Monday, January 30, 2012
I recently blogged about how Mitt Romney overpaid on his tax return. As I mentioned though, he still managed to only pay 14% of his $21.6 million income. The Wall Street Journal explores some of the lessons that we can learn from Romney’s tax return:
- Capital gains can provide powerful tax benefits being taxed at a top rate of only 15%.
- Get good tax help.
- Avoid salary, wages and tips as much as you can. These categories are taxed up to 35% and are subject to payroll taxes.
- Muni-bond interest is not everything. Many wealthy individuals look to these for tax-free income, but how beneficial these investments are depends on what your state’s flat tax rate is.
- Go for qualified dividends because they can only be taxed up to 15%. A dividend is qualified if it is from a stock held at least two months and “paid by any domestic corporation or most corporations.”
- If you have a “Schedule C” business, it may not be the best to claim a home-office deduction. These can raise red flags to the IRS or come back to haunt taxpayers for later tax-exclusions.
- Long-term capital gains are the best way to generate income. Capital gains have a lower tax rate and they are malleable. You can choose when to take a gain or a loss and use the losses to offset gains so that a tax isn’t due.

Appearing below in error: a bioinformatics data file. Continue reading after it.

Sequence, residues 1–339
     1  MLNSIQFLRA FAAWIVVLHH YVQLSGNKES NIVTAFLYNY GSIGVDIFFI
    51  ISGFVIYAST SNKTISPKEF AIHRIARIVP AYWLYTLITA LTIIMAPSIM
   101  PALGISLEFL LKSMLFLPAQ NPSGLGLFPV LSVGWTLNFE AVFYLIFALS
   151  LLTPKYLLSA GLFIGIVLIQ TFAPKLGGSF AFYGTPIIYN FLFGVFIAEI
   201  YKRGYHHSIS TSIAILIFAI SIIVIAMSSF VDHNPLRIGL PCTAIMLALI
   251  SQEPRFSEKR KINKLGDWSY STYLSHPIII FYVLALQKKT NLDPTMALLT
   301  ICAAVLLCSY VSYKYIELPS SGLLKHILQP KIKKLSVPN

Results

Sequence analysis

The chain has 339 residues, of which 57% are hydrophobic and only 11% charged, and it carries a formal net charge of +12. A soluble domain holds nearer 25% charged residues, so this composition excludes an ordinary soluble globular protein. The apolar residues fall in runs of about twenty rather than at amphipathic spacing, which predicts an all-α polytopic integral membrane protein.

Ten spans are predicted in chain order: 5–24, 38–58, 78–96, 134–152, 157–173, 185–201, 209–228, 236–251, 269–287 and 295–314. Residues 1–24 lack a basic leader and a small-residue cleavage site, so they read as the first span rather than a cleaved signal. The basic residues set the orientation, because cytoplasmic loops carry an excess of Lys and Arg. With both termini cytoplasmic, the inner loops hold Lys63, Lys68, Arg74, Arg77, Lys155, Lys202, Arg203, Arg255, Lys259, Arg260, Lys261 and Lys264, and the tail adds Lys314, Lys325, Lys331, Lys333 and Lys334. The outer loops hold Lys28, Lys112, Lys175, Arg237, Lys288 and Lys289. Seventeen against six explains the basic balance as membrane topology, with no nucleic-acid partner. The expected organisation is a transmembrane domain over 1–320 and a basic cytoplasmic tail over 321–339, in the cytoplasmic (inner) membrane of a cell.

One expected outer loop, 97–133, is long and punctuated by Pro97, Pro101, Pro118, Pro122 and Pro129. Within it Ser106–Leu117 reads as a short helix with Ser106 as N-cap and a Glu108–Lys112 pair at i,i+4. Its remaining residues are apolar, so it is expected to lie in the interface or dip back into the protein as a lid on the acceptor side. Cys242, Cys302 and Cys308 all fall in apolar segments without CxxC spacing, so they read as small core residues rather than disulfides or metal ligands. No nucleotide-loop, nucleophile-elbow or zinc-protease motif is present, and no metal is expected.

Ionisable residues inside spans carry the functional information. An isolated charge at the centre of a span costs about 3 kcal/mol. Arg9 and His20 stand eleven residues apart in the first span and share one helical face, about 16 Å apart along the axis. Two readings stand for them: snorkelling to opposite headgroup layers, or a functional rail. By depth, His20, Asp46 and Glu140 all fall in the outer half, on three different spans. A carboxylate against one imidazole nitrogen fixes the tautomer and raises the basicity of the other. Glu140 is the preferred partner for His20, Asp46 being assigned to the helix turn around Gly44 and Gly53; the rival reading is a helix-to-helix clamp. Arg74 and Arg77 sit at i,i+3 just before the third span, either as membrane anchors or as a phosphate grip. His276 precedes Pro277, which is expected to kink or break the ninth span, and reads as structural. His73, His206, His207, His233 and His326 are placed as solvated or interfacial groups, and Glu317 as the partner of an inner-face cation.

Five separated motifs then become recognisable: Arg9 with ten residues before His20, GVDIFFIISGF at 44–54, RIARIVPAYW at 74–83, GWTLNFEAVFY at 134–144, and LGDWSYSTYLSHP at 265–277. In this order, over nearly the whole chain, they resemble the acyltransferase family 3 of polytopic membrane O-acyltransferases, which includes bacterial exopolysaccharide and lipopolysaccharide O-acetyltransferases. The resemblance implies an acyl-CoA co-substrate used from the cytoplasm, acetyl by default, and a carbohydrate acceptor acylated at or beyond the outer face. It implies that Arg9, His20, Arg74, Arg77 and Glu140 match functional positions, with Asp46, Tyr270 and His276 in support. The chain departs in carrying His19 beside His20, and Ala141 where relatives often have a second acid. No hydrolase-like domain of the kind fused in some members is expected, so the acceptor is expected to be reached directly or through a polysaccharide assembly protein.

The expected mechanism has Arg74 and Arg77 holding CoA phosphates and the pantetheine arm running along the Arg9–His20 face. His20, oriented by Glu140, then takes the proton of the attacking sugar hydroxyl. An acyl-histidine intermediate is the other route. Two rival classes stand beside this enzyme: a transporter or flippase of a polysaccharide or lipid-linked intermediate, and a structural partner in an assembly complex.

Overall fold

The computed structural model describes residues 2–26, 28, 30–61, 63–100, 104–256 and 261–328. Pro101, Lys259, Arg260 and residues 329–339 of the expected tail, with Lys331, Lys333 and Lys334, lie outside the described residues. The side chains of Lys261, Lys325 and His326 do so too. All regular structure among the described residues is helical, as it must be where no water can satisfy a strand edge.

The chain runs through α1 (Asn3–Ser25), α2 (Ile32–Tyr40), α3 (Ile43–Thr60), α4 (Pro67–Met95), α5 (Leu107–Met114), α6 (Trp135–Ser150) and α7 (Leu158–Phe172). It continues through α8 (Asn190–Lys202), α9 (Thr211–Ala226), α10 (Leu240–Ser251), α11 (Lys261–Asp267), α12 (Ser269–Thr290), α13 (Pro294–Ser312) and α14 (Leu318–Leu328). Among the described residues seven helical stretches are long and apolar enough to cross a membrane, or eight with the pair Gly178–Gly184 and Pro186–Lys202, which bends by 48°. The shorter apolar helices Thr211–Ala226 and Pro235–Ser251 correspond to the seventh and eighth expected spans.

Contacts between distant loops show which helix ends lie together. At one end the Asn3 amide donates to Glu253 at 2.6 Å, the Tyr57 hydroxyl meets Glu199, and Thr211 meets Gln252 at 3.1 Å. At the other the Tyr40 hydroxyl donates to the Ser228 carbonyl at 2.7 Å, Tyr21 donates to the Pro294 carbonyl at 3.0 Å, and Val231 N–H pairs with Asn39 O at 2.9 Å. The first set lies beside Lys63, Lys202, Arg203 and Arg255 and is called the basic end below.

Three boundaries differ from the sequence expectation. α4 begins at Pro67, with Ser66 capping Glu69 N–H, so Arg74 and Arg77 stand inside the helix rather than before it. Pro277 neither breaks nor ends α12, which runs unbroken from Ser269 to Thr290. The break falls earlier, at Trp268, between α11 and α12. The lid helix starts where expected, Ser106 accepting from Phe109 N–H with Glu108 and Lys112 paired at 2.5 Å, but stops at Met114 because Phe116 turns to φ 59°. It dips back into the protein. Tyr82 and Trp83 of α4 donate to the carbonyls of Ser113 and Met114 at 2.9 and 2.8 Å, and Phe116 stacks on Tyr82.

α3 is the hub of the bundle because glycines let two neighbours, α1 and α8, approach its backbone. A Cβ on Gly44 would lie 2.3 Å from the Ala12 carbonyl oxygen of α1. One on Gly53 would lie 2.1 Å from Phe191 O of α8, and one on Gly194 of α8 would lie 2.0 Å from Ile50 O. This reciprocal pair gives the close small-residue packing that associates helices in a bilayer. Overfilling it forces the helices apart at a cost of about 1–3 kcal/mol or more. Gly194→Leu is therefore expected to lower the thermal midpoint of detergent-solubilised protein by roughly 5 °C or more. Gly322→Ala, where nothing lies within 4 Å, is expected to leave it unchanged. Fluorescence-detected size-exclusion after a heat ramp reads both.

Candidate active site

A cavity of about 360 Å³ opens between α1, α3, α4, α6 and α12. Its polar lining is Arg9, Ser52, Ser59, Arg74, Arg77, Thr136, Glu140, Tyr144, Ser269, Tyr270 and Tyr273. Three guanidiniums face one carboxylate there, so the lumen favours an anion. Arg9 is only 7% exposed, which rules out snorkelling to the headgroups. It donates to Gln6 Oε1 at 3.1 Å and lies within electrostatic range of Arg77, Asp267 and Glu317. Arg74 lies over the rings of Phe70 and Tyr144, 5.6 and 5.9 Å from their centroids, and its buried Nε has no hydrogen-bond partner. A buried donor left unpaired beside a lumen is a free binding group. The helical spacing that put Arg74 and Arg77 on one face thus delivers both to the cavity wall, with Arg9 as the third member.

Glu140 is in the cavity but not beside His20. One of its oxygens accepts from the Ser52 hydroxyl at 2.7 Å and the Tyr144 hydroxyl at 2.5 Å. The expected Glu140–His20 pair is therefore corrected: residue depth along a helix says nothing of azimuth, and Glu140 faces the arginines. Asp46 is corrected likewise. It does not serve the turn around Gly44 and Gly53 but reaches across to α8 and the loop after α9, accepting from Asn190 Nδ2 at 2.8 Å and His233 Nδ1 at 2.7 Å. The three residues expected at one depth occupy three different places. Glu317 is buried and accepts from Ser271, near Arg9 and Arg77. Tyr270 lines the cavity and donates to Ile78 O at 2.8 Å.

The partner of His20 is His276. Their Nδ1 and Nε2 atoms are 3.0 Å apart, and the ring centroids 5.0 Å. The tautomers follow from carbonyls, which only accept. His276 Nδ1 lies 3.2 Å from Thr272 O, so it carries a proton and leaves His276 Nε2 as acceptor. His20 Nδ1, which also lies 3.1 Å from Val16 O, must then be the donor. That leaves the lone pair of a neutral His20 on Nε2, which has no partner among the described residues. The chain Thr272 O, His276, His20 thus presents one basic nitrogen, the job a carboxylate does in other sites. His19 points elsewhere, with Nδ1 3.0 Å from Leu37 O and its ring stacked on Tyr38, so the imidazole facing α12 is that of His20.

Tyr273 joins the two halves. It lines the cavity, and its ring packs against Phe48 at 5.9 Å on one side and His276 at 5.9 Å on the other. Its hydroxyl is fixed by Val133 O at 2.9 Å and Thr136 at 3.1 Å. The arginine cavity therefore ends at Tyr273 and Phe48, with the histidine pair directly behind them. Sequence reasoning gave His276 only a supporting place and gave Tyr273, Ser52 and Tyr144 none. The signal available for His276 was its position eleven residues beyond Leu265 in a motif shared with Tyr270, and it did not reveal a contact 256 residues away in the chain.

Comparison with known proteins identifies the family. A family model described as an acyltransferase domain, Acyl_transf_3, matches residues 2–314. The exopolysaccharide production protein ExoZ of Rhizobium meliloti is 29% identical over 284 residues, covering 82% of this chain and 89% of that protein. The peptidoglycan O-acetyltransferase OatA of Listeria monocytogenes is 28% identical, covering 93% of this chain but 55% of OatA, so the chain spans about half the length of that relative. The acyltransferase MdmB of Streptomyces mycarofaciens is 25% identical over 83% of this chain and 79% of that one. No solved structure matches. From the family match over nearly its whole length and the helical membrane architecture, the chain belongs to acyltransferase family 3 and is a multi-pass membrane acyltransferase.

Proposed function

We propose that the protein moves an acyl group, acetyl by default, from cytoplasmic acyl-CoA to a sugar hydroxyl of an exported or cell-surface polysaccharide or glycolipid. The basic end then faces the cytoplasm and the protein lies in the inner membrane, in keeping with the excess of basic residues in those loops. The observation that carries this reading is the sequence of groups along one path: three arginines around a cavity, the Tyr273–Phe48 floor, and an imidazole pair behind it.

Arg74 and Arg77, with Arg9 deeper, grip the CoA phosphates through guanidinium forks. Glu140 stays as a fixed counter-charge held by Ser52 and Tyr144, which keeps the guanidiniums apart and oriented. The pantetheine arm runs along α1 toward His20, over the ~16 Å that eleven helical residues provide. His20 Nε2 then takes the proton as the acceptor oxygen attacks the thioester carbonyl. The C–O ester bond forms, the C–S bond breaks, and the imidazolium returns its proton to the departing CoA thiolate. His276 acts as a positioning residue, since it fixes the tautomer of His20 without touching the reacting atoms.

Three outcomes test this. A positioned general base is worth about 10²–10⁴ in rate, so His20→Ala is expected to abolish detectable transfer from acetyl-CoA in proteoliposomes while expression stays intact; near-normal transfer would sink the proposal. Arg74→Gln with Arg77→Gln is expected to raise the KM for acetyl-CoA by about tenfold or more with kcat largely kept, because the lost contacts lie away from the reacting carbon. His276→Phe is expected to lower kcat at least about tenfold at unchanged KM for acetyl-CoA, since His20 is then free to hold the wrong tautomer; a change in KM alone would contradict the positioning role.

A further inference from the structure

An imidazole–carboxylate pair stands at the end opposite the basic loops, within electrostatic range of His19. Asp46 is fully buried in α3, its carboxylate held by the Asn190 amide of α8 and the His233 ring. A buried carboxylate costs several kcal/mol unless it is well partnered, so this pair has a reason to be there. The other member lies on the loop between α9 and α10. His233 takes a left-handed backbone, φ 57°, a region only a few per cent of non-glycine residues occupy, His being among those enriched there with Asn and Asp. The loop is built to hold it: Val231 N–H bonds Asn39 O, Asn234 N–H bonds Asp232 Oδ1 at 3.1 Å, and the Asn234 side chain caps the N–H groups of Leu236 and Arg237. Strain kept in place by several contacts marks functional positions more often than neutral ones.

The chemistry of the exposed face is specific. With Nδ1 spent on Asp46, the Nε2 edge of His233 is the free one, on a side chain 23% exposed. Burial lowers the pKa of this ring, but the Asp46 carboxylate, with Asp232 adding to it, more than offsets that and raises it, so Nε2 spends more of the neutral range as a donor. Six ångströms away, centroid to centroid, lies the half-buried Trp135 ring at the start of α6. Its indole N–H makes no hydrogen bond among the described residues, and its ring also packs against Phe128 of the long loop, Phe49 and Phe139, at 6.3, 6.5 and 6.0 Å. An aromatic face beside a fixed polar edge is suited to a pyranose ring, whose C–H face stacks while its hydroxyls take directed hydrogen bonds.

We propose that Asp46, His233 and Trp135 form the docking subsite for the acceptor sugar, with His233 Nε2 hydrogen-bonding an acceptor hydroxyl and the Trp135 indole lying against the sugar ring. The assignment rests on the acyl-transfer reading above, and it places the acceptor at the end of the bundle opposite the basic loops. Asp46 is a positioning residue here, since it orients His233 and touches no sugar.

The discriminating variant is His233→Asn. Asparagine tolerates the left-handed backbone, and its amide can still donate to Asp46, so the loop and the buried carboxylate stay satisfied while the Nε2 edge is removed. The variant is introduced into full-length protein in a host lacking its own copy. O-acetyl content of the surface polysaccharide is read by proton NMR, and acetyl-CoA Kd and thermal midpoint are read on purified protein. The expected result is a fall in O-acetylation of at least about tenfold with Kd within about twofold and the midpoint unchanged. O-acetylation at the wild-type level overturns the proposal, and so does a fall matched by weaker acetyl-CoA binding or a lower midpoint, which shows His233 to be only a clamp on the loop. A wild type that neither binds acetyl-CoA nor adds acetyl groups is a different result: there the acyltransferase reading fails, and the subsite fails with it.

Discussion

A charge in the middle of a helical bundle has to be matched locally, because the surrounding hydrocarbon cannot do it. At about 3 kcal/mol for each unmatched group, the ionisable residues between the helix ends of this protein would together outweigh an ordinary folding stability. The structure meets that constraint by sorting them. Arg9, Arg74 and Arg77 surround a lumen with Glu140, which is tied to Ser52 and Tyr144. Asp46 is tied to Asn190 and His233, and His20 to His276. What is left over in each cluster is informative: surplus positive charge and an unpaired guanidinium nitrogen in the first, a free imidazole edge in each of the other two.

- Know the score on itemized deductions. Tax-wise charitable contributions and noncash gifts are smart moves here.
- Capital gains and dividends can trigger the AMT. Long-term capital gains and qualified dividends are not subject to the alternative minimum tax.
- Think twice about small benefits requiring large tax-prep efforts. Sometimes the tax-prep fees will exceed the return.
- Offshore investments can save onshore taxes. Investments held offshore in “blocker corporations” can allow taxpayers to pay less tax than they would for the same investment onshore.
See Laura Saunders, What You Can Learn From Mitt’s Tax Return, The Wall Street Journal, Jan. 28, 2012.
Special thanks to Joel Dobris (Professor of Law, UC Davis School of Law) for bringing this to my attention.